8. Example: Magic Square • Arrange the numbers 1 to 9 in a 3 x 3 square so that each row, column and diagonal has the same sum (15) • V1 : a variable for each cell, domain is the numbers that can go in the cell • V2: a variable for each number, domain is the cells where that number can go CP Summer School 2008

  9. Magic Square Constraints • Constraints are easy to express in V1: • x1+x2+x3 = x4+x5+x6 = x1+x4+x7 = … = 15 • but not inV2 • e.g. one constraint says that the numbers 1, 2, 3 cannot all be in the same row, column or diagonal • Andthere are far more constraints in V2 than in V1 (78 v. 9) CP Summer School 2008

  10. Constraints • Given a viewpoint, the role of the constraints is: • To ensure that the solutions of the CSP match the solutions of the problem • To guide the search, i.e. to ensure that as far as possible, partial solutions that will not lead to a solution fail immediately CP Summer School 2008

  11. Expressing the Constraints • For efficient solving, we need to know: • the constraints provided by the constraint solver • the level of consistency enforced on each • the complexity of the constraint propagation algorithms • Not very declarative! • There is often a trade-off between time spent on propagation and time saved on search • which choice is best often depends on the problem CP Summer School 2008

  12. Auxiliary Variables • Often, the constraints can be expressed more easily/more efficiently if more variables are introduced • Example: car sequencing (Dincbas, Simonis and van Hentenryck, ECAI 1988) CP Summer School 2008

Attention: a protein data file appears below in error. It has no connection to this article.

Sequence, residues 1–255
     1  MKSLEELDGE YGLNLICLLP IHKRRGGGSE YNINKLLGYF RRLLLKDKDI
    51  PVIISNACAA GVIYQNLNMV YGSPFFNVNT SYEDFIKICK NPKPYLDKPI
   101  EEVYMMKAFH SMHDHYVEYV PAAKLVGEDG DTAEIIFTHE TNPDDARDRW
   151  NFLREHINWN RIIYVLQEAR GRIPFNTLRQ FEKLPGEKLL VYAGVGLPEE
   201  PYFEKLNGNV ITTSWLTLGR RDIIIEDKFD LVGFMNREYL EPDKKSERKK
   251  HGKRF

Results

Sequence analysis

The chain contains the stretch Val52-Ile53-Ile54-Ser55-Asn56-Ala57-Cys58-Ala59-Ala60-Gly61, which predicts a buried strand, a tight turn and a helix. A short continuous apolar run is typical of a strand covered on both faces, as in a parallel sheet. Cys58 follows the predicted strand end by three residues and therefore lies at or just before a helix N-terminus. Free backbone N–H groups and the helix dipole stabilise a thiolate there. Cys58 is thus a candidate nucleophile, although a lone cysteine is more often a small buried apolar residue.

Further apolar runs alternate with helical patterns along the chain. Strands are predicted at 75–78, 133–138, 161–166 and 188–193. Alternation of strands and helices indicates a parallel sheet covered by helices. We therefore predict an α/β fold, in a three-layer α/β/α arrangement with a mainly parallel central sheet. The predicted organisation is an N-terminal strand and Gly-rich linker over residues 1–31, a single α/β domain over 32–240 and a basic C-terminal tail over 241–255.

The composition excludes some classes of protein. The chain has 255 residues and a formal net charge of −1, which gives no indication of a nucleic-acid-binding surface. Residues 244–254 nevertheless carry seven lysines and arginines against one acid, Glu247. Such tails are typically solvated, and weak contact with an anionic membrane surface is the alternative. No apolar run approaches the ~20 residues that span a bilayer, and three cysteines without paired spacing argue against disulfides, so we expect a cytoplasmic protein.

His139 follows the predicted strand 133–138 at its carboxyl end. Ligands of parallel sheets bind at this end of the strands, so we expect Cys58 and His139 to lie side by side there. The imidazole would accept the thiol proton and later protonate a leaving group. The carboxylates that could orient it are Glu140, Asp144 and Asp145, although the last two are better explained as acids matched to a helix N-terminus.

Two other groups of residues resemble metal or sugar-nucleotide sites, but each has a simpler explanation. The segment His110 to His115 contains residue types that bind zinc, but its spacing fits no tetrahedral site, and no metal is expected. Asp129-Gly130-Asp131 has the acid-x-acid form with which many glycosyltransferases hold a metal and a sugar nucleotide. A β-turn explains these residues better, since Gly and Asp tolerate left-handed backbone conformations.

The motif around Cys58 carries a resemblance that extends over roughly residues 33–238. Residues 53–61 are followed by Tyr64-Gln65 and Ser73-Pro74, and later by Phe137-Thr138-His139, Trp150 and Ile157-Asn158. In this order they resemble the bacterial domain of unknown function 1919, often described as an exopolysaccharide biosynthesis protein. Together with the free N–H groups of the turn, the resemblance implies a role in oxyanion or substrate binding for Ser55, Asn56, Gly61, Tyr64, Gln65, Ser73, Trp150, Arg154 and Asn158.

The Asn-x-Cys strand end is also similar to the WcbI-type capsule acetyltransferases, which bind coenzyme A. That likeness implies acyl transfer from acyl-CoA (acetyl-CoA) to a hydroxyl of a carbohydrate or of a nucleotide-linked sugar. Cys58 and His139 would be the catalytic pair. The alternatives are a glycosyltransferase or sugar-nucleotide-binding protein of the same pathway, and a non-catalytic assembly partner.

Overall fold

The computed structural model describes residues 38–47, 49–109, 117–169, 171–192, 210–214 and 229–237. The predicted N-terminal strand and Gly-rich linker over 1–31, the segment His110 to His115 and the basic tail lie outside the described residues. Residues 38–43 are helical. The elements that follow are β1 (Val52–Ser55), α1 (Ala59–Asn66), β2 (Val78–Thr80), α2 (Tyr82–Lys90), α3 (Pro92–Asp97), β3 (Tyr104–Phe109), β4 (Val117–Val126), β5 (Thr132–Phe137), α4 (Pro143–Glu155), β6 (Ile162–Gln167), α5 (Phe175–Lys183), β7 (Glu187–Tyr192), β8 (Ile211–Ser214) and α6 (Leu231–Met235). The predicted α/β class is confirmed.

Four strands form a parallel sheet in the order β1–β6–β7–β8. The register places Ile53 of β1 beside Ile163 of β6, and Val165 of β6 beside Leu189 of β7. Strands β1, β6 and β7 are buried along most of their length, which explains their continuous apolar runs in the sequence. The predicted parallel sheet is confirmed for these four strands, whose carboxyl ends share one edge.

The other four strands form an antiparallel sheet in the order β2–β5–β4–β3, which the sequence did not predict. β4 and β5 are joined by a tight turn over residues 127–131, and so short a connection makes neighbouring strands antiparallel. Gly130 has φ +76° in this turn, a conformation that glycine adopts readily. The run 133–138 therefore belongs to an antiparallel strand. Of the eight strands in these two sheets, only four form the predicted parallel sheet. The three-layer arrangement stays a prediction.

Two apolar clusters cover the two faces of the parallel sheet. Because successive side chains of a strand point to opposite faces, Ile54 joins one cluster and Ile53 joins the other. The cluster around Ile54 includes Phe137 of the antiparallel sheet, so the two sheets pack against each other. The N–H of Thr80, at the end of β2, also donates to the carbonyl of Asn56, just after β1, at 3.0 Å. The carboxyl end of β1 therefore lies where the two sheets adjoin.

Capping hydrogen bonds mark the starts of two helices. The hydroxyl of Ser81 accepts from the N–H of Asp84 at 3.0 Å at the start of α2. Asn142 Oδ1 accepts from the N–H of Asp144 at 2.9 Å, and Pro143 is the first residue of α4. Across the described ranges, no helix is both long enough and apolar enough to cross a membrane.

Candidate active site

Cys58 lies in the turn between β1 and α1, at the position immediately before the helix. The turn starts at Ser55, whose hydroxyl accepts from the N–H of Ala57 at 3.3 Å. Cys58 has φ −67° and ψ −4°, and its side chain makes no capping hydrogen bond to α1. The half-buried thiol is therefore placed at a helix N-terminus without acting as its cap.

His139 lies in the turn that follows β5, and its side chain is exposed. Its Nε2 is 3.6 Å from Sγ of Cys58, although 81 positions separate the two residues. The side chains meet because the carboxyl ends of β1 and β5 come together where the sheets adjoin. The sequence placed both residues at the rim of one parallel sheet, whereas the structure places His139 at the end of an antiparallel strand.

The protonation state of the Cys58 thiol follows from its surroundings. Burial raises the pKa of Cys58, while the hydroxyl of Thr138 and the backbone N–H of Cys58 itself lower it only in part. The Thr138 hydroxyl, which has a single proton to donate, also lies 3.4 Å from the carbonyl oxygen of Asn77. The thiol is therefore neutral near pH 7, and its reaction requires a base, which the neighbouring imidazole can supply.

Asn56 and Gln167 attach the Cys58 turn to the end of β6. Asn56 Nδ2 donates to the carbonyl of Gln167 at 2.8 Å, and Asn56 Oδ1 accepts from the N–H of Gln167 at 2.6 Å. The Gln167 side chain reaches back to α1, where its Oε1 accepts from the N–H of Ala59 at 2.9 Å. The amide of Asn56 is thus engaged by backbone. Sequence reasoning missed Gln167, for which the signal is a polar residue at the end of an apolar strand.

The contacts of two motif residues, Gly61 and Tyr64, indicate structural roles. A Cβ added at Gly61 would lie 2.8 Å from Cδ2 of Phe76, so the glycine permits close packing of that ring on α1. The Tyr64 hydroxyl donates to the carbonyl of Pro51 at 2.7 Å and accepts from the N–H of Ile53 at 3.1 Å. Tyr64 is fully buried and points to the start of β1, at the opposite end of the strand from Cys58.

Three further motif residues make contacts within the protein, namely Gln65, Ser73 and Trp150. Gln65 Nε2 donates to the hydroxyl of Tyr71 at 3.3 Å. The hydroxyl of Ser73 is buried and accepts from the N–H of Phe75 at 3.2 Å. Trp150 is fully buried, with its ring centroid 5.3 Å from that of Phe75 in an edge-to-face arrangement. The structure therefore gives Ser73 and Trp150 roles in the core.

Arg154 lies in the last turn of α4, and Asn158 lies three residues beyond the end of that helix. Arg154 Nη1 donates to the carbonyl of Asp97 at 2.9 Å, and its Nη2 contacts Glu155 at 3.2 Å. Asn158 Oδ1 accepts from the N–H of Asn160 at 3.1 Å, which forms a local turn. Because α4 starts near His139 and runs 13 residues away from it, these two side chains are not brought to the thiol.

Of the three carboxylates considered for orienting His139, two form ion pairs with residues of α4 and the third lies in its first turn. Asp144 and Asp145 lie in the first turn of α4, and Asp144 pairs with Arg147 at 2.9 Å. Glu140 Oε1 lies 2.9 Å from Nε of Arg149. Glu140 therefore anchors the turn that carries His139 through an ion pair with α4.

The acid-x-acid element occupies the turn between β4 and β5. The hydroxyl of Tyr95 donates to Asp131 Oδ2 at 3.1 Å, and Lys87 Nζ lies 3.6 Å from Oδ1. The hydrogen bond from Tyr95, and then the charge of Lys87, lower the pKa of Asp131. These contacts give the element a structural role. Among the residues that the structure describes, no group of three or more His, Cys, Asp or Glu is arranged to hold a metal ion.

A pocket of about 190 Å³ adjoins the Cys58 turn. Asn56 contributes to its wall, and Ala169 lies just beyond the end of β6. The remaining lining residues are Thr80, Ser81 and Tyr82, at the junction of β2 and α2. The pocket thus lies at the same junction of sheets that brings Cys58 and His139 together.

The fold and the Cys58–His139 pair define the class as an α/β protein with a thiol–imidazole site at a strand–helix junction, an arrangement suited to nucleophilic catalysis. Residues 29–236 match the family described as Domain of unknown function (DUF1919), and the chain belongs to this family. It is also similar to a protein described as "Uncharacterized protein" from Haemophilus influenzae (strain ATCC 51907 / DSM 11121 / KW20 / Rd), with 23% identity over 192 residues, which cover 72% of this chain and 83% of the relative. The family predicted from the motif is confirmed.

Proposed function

13. Car Sequencing Problem • 10 cars to be made on a production line, each requires some options • Stations installing options have lower capacity than rest of line e.g. at most 1 car out of 2 for option 1 • Find a feasible production sequence CP Summer School 2008

  14. Car Sequencing - Model • A variable for each position in the sequence, s1 , s2 , …, s10 • Value of siis the class of car in position i • Constraints: • Each class occurs the correct number of times • Option capacities are respected - ? CP Summer School 2008

  15. Car Sequencing – Auxiliary Variables • Introduce variables oij: • oij= 1 iff the car in theith slot in the sequence requires option j • Option 1 capacity is one car in every two: • oi,1 + oi+1,1≤ 1 for 1 ≤i < 10 • Relate the auxiliary variables to the si variables: • λjk = 1 if car class krequires option j • , 1 ≤i ≤ 10, 1 ≤ j≤ 5 CP Summer School 2008

  16. Global Constraints • A range of global constraints is provided by any constraint solver • A global constraint replaces a set of simpler constraints on a number of variables • The solver provides an efficient propagation algorithm (often enforcing GAC, sometimes less) • A global constraint: • should reduce search • may reduce run-time (or may increase it) CP Summer School 2008